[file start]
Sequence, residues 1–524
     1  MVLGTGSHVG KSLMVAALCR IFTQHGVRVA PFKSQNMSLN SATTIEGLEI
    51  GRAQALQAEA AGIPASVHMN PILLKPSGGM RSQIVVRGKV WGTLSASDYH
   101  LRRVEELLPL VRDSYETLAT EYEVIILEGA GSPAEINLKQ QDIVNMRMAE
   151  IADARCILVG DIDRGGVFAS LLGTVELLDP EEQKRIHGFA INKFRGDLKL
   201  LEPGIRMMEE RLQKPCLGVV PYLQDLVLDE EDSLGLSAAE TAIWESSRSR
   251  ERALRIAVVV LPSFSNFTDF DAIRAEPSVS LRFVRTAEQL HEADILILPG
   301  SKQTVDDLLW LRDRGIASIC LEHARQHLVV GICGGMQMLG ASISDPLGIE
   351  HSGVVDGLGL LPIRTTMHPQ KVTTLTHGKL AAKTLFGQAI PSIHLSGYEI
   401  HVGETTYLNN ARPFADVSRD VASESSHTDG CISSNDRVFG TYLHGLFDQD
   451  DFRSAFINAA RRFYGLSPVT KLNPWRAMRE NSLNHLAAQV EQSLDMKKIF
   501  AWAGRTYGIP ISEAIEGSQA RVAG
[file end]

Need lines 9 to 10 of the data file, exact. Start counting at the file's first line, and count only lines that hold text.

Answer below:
   351  HSGVVDGLGL LPIRTTMHPQ KVTTLTHGKL AAKTLFGQAI PSIHLSGYEI
   401  HVGETTYLNN ARPFADVSRD VASESSHTDG CISSNDRVFG TYLHGLFDQD